Witch doctors regularly dump animal sacrifices into the reservoir meant to quench the thirst, clean the dishes and wash the clothes of 750,000 Venezuelans, reported Bloomberg. As a result, citizens of one of the most dangerous, crime-ridden cities in the world, Caracas, Venezuela, can't even take a drink of water from the tap safely.
The 60-year old water treatment plant at the reservoir lacks the ability to filter out the toxins from the putrefying carcasses. Because of this, Caracas resisdents are now paying 30 Bolivars ($4.80) for a five-gallon jug of water. Gasoline only costs 14 Bolivars, due to generous government subsidies.
The water supply of Caracas seems cursed. Practitioners of Santeria sacrifice animals and dump their bodies with impunity into the reservoir.
"No one is bothering me here at all," local Santeria practitioner Francisco Sanchez told Bloomberg.
Santeria is a hybrid, or syncretic, religion that sprang from the animistic beliefs of West African slaves blended with the Catholicism of their Spanish captors, mixed with the surviving remnants of indigenous people's religions.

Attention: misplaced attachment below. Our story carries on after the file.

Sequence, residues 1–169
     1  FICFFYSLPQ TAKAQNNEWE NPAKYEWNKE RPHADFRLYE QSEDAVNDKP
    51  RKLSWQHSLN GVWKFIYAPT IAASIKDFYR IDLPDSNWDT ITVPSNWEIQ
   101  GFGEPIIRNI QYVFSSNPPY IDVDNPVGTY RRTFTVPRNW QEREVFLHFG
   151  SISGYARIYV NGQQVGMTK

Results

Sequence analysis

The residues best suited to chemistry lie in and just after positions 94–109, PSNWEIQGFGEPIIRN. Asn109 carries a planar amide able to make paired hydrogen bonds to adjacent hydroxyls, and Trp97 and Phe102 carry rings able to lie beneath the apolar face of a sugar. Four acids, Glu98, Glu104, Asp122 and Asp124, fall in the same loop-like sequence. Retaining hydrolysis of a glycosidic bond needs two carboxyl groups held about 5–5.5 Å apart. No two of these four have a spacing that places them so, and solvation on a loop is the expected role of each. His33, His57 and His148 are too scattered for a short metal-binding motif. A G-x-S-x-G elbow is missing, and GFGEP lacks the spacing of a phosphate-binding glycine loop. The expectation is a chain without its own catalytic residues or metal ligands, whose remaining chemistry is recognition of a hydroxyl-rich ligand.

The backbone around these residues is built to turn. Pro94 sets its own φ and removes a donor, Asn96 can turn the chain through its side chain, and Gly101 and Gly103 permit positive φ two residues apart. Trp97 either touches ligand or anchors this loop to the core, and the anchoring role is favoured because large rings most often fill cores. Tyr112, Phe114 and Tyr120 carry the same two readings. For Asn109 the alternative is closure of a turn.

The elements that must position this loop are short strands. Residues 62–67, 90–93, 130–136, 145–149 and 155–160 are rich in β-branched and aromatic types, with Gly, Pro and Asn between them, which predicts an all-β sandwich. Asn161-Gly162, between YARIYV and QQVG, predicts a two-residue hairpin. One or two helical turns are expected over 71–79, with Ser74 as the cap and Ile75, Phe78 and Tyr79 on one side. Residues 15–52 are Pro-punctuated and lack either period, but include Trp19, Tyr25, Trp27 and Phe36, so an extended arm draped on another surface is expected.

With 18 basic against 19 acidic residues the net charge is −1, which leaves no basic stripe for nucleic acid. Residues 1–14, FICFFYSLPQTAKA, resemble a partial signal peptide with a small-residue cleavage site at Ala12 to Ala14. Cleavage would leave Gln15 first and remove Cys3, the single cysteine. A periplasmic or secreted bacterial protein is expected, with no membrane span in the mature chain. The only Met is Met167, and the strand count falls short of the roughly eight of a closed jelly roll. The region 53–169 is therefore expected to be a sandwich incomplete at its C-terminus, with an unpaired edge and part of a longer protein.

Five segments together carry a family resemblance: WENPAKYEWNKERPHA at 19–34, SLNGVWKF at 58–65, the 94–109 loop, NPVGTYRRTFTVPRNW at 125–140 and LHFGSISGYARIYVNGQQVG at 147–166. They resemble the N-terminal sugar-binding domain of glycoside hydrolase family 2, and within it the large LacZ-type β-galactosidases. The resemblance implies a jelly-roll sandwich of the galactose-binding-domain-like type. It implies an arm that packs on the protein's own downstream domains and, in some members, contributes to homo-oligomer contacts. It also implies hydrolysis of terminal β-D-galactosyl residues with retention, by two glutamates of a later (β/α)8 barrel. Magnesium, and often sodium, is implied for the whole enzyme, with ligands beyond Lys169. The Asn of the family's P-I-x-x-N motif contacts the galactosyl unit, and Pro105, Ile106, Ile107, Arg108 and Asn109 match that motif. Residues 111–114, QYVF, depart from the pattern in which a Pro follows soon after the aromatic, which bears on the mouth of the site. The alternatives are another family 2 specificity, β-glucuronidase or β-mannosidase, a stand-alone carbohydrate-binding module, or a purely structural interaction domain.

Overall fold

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Although Santeria brings spiritual solace to thousands, in Venezuela, Santeria witch doctors dumping animal sacrifices into reservoirs mostly just increases the suffering of others, especially the poorest members of society.
In many regions of the developing world, people who drink water from the tap run the risk of bacterial infection or contamination from agricultural run-off and other pollutants. Many people spend a significant portion of their income on purified water to avoid the even greater cost of debilitating illness.
People who can't afford bottled water have to find other ways of reducing their risks. For example in Honduras, people often use discarded soda bottles filled with tap water then placed those bottles in direct sun for a few days. The UV radiation from the sun kills off many pathogens, however it fails to filter out contaminants, such as animal feces.
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Numerous organizations work to distribute contaminant-removing devices like ceramic filters and solar stills to impoverished people, but despite their efforts millions still lack access to safe water.
IMAGES: The altar of sacrifices celebrating a man's rebirth into Santeria in Havana, Cuba (Jorge Royan, Wikimedia Commons)